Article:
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Too expensive bringing newborns to hospital

The poorest families in Ethiopia cannot afford to bring their newborns to hospital, before it is too late. According to researcher Kristine Husøy Onarheim, free healthcare is the solution.

Ethiopia field
FAR FROM THE HOSPITAL: In Ethiopia, around 80 per cent of the population live in rural areas, far away from hospitals.

Healthcare for new-borns is a political priority in Ethiopia. Nevertheless, essential care, such as treatment of new-borns, is currently financed through high patient fees.

For the poorest families, this means a terrible dilemma if one´s newborn becomes ill. They may have to sell a goat or a piece of land to be able to afford to take their child to a hospital.

“Many of the poorest are not able to mobilize enough money before it is too late, PhD-candidate Kristine Husøy Onarheim, at the Department of Global Public Health and Primary Care, University of Bergen (UiB).

She has just published in BMC Health Services Research.

Watch video of Onarheim´s presentation of her thesis here.

– Everything costs

Onarheim has followed and interviewed 22 different families, 10 health personnel as well as other people in a village south of Addis Ababa. She is investigating the  kind of dilemmas poor families face if it becomes necessary for them to have to consider taking their newborns to a hospital.

“One of the most important hindrances for the poor are the high fees. They have to pay for everything, every step of the process: from transport to diagnostics to treatment,” Onarheim explains.

Usually, poor families have to borrow money from other family members or friends, or they have to sell something. However, not everybody has something to sell or can find someone to borrow from, especially if one, one’s family and neighbours are among the poorest.

“If you are not able to mobilise money, it is not possible for you to bring your child to the hospital,” Onarheim points out.

Difficult choices

Onarheim is a member of the research group Global Healt Priorities at UiB. Health priorities is about prioritizing from a health budget. It is most often about giving advice to politicians and policy makers. One of the parts of her PHD-project, has been to focus on the grass root level of health priorities.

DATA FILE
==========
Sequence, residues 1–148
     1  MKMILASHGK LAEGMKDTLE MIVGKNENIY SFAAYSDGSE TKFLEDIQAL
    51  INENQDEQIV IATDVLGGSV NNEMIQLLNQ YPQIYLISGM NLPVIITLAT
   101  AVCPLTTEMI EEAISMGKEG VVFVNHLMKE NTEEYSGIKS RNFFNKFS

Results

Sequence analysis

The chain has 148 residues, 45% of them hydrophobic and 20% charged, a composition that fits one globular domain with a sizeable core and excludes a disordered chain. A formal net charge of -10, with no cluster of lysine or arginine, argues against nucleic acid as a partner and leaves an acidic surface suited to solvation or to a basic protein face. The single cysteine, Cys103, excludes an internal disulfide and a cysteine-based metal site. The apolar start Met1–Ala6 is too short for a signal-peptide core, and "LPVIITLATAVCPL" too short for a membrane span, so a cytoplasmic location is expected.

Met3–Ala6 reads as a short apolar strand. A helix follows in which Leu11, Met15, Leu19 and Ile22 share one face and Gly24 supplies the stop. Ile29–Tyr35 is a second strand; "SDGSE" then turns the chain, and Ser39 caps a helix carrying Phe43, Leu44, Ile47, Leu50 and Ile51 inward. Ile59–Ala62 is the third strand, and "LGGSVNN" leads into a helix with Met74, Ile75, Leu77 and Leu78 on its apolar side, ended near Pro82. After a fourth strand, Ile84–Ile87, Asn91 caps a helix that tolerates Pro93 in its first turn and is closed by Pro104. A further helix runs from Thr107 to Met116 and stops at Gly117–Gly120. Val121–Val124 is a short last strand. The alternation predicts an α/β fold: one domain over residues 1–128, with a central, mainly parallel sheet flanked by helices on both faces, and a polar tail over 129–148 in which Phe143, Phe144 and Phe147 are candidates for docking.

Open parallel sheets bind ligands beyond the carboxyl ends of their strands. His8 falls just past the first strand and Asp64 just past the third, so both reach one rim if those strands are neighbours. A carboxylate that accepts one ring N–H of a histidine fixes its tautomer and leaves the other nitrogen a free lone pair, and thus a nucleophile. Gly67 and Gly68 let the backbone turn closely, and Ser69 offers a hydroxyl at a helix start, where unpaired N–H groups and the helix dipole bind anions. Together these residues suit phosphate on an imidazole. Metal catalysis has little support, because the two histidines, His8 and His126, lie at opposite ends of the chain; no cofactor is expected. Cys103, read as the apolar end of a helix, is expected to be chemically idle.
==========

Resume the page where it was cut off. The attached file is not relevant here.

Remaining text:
She has followed and interviewed families about the difficult choices they all must take in relation to balancing health and economy.

“The poor families are thrown into a very difficult situation with painful decisions. They have to balance the consideration for the sick child against the needs of the rest of the family and the daily responsibilities at home,” Onarheim says.

They might, for example, have four children at home that will not get food, if one uses all the money on medicines and medical treatment for one family member.

“It should not be acceptable that one has to choose between the health and survival of a newborn child and that of the well-being of the rest of the family,” Onarheim says.

– Free healthcare for newborns is the answer

According to Onarheim, the study shows that vital healthcare for newborns, such as treatment for infections or help with breathing, should be free. If this was the case, families would not be confronted with difficult choices and would bring sick infants to the hospital, even if they have no money.

“Studies show that mortality amongst new-borns are highest in the poorest families, where mothers have lowest degree of education and live in the furthest distance from hospitals. If one does not offer free health care for newborns, the mortality rate will not be reduced,” Kristine Husøy Onarheim says.